The ageing Irish in London: confusion over Brexit remains

‘The NHS is like the GAA. Everyone talks about it and they love it because they need it’

 

Belfast-born Jean Scales is one of many volunteers who help out each day at the Luton Irish Forum – a body that was set up to help ageing Irish immigrants in the Bedfordshire city, but which has now expanded.

She was of one of many Irish living in Britain who voted to Leave in last year’s Brexit referendum, concerned about immigration, and, particularly, the impact it has had on the National Health Service.

Today, she believes she bought a false prospectus. She believed the departure process would be straight-forward, but it has turned out to be anything but, since little progress has been made in the year since.

Equally, the implications of Brexit for the Border between Northern Ireland and the Republic were not properly explained, along with the possibility of a return to checkpoints and lengthy queues.

She is now unsure about what will happen next: “We did not get the right information when we were voting. They should have told us what would happen when we were coming out,” said Scales.

Luton has one of the largest Irish populations outside of London per head, many of whom came in the 1960 to work in Vauxhall, Bedford and Chrysler factories when they were at their height.

Many of the Irish who came to work stayed, brought up families and retired there, but in nearly all case they retained their citizenship and still call Ireland home.

Company and chat

Today, Scales serves tea in the Forum’s Hitchin Road to many of those elderly Irish who gather every week for Wednesday morning bingo sessions, but, most importantly, company and chat.

Last year, The Irish Times listened to the opinions of some of the remaining community about Brexit: the theme that was evident then – confusion about the future – remains.

Then, some voiced concerns at immigration, with the belief that leaving the European Union would ease pressures on the NHS. Others scoffed that as Irish, they themselves were immigrants and should be more sympathetic.

Tom Scanlon, the chair of the board of trustees at the forum who voted to remain, said there was a belief among some that waiting times at hospitals would indeed change. “People believed that. The National Health [is like the GAA]. Everyone talks about it and they love it because they need it,” he said.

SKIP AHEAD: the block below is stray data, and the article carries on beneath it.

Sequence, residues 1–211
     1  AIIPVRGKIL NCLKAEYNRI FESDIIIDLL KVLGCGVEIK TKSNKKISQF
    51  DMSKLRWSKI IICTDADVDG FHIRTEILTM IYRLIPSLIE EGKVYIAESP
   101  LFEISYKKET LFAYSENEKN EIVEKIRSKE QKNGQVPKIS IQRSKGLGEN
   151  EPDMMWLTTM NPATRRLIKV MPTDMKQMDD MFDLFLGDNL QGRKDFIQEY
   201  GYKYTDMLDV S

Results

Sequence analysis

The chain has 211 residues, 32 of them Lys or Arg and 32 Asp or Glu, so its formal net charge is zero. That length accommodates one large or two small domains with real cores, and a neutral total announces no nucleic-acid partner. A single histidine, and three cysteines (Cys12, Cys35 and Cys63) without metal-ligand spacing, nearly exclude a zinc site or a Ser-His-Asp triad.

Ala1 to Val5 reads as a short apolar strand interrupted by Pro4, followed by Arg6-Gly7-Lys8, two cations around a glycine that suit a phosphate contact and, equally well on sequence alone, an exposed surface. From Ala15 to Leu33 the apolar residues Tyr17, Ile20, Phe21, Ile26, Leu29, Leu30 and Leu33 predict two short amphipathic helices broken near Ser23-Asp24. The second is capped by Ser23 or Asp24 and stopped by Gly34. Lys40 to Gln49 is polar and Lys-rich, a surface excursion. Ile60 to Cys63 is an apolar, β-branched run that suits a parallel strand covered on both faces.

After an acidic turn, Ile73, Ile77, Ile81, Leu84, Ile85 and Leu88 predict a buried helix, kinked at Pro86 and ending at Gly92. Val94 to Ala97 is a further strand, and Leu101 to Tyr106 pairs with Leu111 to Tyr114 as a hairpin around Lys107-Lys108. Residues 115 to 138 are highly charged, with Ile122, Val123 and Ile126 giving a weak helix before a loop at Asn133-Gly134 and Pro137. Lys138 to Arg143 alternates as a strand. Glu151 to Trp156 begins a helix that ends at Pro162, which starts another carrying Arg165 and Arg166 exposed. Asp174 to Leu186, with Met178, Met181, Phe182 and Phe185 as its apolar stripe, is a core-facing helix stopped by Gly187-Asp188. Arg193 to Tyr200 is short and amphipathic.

Now the value of sterling is a talking point. Before the vote, each £1 got €1.30. Now, it has dropped to €1.15, meaning holidays home are more expensive which is sharply felt on the pensioners’ income. Noreen Kellett flies from Gatwick to Shannon with Ryanair to see family in Limerick. The value of sterling being so much less could now stop people taking trips home, she said, and the fact that the budget airline has threatened to suspend flights. “They can’t say [what Brexit] will look like when it happens,” she said.

The Irish vote was important to the Remain side in the run-up to the June 23rd vote last year. A campaign group called Irish4Europe – backed by prominent figures in the community – was launched to encourage Irish people to register and vote for Britain to remain in the EU. Up to the recent election, the group was technically alive but dormant. The Irish ambassador Dan Mulhall said that Ireland should remain in.

Attract jobs

The view among many from the city of London, where thousands of Irish work in the financial services industry, was also to remain. With Ireland’s moves to attract jobs in the finance industry to Dublin and Cork, some of those professionals in London are now looking at the possibility of returning home.

I think some people who have been doing quite well in their careers here have made a conscious decision to start looking at Dublin as a potential option